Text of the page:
Project Name: HARVEY MILK MEMORIAL Location: San Francisco, CA Year: 2017 Type: Memorial Collaborators: Design: James Mcnally, Andreas Kostopoulos; Lighting: Megan Pfeffer; Landscape: Gena Wirth Status: Competition
The new Harvey Milk Plaza is an urban scale “soapbox” networked into the cultural, political, and entrepreneurial life of the Castro. It stands as a living testament to Milk’s humanist values; as a vital space of democratic enfranchisement that gives voice and visibility to the people it serves.

In his “City of Neighborhoods” speech, Harvey Milk declares that his activism, his fight for equality, has always been rooted in making “the voice of the neighborhoods of this city be heard.” The new Plaza reflects this spirit of democratic enfranchisement by proposing an urban scale “soapbox” – a civic platform that empowers the diverse cultural, political, and entrepreneurial constituents of the Castro.

In a symbolic and functional gesture, the redesign extends the surface of the plaza up and over the Muni entrance, gradually tapering to form a triangular prow over the corner of Market and Castro Streets. This double-sided structure – amphitheater on top, canopy on the bottom – gives visibility and integrity to a site otherwise recessed below grade and fragmented by voids.

The underside of the structure, or canopy, is expressed as a mirror-like stainless steel shard, producing uncanny reflections of the stairway and channeling light into the station below. The vertex of the canopy defines the tip of the amphitheater on the opposite side, which juts fifteen feet above the sidewalk and alternates as a podium for performers during Pride, a pulpit for activists with bullhorns, or a vantage point for flaneurs overlooking the Castro. The amphitheater steps down to the focal point of the plaza – an open air performance ‘stage’ for groups like the Castro Theater, Lyric, and the Gay Men’s Chorus.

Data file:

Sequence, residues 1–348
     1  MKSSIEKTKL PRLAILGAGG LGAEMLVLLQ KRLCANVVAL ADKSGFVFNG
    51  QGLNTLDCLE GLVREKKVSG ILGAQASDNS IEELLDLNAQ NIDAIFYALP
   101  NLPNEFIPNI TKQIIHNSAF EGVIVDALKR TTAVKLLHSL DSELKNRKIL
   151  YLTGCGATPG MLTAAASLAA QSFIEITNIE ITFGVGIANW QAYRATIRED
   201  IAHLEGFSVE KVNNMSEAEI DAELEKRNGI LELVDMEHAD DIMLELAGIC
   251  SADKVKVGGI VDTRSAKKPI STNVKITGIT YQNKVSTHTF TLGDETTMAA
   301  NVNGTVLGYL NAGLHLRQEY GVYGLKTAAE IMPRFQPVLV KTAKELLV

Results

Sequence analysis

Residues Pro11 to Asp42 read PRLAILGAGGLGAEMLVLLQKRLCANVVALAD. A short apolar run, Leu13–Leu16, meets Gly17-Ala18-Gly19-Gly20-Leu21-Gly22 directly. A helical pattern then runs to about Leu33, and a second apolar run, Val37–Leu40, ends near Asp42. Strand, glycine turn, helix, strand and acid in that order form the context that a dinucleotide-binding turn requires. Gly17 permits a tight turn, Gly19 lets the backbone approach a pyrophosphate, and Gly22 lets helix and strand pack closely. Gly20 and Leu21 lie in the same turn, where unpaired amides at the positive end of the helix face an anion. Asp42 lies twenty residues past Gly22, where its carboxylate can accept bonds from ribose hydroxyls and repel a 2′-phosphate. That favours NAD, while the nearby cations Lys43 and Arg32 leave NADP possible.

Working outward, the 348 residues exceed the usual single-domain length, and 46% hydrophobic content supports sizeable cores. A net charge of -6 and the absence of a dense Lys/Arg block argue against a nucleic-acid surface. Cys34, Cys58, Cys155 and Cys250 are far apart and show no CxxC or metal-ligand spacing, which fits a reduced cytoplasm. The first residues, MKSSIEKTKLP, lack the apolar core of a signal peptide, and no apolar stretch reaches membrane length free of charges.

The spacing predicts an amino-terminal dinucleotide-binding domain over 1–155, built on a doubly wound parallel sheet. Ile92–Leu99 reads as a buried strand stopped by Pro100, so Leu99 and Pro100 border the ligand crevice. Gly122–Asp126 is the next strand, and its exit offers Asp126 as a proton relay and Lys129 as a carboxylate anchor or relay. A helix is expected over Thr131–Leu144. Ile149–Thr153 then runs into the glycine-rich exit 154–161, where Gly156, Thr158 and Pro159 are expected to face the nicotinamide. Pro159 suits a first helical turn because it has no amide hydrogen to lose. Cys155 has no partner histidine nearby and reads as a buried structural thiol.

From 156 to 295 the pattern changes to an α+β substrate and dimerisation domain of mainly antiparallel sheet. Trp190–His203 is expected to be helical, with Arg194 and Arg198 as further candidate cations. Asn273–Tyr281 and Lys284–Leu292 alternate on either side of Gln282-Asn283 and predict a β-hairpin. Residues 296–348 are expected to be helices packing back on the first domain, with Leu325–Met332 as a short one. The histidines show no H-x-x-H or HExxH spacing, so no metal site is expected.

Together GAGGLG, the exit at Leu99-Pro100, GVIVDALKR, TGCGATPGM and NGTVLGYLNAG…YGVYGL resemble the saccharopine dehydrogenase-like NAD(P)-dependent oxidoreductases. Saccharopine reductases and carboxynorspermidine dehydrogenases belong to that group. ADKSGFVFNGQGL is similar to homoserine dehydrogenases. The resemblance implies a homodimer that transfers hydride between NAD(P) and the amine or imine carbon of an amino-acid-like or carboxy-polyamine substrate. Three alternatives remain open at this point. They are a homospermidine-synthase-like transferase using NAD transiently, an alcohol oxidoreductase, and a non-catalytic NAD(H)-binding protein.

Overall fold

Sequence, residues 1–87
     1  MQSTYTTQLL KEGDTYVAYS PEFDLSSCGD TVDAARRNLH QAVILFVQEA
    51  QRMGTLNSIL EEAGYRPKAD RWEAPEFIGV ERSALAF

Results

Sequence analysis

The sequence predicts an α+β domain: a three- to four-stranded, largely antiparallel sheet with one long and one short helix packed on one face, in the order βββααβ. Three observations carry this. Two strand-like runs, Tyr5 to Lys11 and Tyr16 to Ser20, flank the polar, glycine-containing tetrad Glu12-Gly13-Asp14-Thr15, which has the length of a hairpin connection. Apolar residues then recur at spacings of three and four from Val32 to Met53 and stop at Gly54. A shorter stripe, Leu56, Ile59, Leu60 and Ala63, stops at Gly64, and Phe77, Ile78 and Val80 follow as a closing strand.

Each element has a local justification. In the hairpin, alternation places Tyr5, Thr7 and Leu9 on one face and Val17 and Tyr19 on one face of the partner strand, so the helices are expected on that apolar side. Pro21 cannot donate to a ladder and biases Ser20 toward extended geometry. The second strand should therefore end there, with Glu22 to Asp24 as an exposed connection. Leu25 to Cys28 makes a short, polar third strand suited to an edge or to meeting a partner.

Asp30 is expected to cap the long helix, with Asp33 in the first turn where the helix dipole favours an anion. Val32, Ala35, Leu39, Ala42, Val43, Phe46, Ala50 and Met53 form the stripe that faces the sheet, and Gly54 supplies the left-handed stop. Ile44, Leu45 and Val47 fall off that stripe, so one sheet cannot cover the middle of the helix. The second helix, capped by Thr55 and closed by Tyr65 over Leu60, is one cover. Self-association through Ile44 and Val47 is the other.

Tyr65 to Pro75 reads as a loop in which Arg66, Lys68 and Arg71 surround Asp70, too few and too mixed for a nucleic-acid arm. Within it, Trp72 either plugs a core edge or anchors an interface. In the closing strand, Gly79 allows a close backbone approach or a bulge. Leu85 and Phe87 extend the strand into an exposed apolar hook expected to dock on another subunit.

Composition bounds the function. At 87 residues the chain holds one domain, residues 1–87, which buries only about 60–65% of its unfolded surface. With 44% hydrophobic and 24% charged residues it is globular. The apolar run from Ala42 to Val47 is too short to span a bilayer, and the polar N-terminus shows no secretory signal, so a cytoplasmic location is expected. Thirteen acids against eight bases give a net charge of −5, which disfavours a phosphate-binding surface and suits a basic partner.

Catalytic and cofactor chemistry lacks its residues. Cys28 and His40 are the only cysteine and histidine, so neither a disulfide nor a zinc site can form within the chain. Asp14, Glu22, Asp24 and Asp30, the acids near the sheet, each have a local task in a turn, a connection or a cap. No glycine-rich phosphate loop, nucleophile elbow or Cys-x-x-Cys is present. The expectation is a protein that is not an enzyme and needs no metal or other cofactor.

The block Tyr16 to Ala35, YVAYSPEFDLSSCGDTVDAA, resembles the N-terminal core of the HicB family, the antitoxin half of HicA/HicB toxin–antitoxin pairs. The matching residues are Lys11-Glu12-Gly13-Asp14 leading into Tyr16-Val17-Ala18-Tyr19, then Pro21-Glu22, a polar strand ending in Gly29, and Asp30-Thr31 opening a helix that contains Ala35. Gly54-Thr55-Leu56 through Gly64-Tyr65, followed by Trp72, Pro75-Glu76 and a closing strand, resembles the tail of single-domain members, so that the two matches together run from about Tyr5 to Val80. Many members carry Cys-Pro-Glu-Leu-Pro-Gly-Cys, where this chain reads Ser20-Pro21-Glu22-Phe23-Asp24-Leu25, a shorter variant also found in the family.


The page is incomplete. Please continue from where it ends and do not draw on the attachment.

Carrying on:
Exclamation fades to contemplation as the site assumes a more residential character to the west. A bosque of trees, also arrayed in a triangle, offers refuge from the bustle of the city and provides a visual and acoustic buffer for adjacent buildings. This is a place to linger, lounge, reflect, eat, read, and relax; where Yoga Tree Castro conducts outdoor classes, Dog Eared Books hosts afternoon reading circles, and the GLBT History Museum curates interactive exhibitions on the life and times of Harvey Milk. Tucked between the park and the retaining wall, a slow stair enables direct access to the station below.

At mezzanine level, a pop-up cafe activates the underground space and caffeinates hurried commuters.

The new Harvey Milk Plaza emerges as a resolution of opposites – of loud and quiet, fast and slow, solemn and celebratory, sunny and shady – all elements of a versatile and ever-changing civic realm that gives voice to the people it serves.